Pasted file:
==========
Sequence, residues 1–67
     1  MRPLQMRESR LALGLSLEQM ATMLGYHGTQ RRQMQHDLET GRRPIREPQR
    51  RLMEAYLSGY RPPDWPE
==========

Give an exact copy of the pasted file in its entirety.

Sequence, residues 1–67
     1  MRPLQMRESR LALGLSLEQM ATMLGYHGTQ RRQMQHDLET GRRPIREPQR
    51  RLMEAYLSGY RPPDWPE